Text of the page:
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I'm using Arduino to control a stepper motor. I need it to make one revolution and then stop. I'm new to this and haven't ran it yet. Will this do for me?

#include <Stepper.h>

const int stepsPerRevolution = 200;  

Stepper myStepper(stepsPerRevolution, 8, 9, 10, 11);

void setup() {
  myStepper.setSpeed(60);
}

void loop() {
  myStepper.step(stepsPerRevolution);
}
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No, that will not do what you want. That will continuously rotate the stepper round and round and round.

The clue as to why is in the name of the function you put the myStepper.step call: "loop". That function repeatedly loops around over and over again, so your step function will be called over and over again.

There is one piece of information lacking from your thinking at the moment, and that is when do you want the stepper to rotate? If it's just once when you turn the power on then it's as simple as doing everything (including calling myStepper.step) in setup() and leaving loop() empty. If not, then you will need to add appropriate logic to only run the step function when the required conditions are met.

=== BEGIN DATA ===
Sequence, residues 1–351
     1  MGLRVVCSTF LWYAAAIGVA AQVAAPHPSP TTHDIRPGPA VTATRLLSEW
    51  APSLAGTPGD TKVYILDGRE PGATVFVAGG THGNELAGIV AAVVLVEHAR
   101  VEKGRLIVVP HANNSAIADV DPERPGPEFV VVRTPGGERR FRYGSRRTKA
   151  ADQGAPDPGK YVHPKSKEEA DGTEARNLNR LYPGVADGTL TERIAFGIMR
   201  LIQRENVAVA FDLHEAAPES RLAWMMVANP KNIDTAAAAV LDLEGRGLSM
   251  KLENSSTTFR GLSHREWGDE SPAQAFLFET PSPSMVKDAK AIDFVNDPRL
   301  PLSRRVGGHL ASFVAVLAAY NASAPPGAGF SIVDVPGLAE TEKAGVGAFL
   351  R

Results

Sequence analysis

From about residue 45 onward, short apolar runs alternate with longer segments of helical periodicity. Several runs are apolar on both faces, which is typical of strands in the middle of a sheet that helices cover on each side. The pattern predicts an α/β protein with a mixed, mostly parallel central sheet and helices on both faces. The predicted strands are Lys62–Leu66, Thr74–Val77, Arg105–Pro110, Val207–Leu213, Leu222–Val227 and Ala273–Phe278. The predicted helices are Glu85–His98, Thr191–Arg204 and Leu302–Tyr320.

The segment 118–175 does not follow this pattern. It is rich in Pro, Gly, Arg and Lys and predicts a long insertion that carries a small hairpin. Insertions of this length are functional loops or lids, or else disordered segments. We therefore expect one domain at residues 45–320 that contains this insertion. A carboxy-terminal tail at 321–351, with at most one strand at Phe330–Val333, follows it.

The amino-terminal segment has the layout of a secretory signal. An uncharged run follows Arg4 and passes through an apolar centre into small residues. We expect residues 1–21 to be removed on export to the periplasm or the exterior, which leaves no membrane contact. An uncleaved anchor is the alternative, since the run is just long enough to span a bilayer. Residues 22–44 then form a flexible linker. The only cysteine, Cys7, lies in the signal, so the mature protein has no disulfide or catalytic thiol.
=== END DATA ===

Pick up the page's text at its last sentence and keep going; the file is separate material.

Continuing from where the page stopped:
• what if I want it to make just 10 revolutions and then stop. – Vic May 27 '17 at 12:51
  • 1
    The same way as for 1 revolution but with 10x the steps? – Majenko May 27 '17 at 13:07
  • Yes, though another option is to put a for loop around the step command. For a few rotations just multiplying the count works, but the count argument appears to be limited to +32767 or -32768 (on an ATmega) – Chris Stratton May 27 '17 at 21:46

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